Drink-driver's rehab plea

By Sophie Ryan, Doug Laing

Brian Mitchell Hart has been convicted 20 times for drinking.
Brian Mitchell Hart has been convicted 20 times for drinking.

A Hastings man labelled New Zealand's worst drink-driver is appealing a nearly-completed prison sentence so he can get alcohol treatment he's been unable to get since first offending more than 40 years ago.

Brian Mitchell Hart, 58, convicted 20 times for drinking and due for release today from his 33rd prison sentence, wants a community sentence so he can be placed in an alcohol rehabilitation centre, lawyer John Dean said in the Court of Appeal yesterday.

Hart had been sentenced to 12 months in prison in February on two drink-driving charges.

Mr Dean told the appeal court in Auckland that Hart's brain was "addled since drinking since he was 16," he suffered dementia, and had never received treatment for his alcohol addiction while in prison.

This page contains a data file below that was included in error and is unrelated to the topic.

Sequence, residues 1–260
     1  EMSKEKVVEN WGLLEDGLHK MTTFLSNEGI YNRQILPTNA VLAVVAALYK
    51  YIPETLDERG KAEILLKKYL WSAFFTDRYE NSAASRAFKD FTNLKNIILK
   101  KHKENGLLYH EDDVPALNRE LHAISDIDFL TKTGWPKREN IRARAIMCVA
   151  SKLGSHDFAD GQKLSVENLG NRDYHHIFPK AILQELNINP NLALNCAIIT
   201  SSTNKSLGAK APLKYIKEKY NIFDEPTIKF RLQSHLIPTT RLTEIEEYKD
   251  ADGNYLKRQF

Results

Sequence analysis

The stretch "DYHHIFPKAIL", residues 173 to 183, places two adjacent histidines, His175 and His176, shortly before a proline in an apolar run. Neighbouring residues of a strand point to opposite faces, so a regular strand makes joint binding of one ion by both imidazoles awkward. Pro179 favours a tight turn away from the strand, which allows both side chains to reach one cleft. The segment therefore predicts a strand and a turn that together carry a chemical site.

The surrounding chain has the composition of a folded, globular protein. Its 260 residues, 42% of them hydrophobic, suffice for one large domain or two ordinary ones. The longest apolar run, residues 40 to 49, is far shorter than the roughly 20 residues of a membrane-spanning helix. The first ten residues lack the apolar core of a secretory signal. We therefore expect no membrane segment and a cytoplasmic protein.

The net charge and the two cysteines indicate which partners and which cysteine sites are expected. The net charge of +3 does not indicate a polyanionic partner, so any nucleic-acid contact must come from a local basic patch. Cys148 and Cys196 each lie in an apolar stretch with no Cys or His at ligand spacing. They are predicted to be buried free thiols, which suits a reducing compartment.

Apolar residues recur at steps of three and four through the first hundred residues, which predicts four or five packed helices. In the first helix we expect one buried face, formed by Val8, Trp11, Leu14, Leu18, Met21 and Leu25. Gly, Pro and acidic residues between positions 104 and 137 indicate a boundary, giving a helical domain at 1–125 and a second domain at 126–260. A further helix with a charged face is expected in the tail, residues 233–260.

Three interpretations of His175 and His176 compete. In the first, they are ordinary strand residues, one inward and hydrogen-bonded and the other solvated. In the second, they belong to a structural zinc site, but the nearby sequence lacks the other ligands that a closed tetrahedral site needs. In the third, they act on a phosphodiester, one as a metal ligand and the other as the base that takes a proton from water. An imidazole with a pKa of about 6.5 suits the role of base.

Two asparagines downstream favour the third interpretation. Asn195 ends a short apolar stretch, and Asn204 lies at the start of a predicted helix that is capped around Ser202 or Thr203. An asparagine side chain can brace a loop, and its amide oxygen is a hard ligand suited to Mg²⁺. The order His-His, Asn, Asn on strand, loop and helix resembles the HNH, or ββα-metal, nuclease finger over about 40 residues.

Claims were made Hart slipped through loopholes, partly because individual sentences often overlapped driving disqualifications which ended by or soon after his releases from prison.

"He's a loner - he has spent more than half his adult life in jail," Mr Dean said.

Crown prosecutor Kylie Cooper said the Crown understood that this was the case, however she said Hart had been offered treatment but refused to participate.

Justice Lynton Stevens, Justice Simon France and Justice Jillian Mallon questioned the admissibility of an affidavit submitted by the defence from alcohol and drug counsellor Roger Brooking.

Mr Brooking interviewed Hart in February and found he had alcohol-related dementia, saying in his affidavit that Hart would need to attend a long-term residential rehabilitation centre to address the alcohol dependency.

He has recommended a minimum of 12 months, which extends past the limit of parole or any post-release conditions that can be imposed, but his affidavit has been ruled inadmissible.

Justice France said the original sentence called for treatment upon release and if Hart wanted help he could receive it during parole.

Justice Stevens said imposing a new sentence on Hart after he had already served an initial sentence could be a risk of "double jeopardy".

The decision has been reserved.

- Hawkes Bay Today

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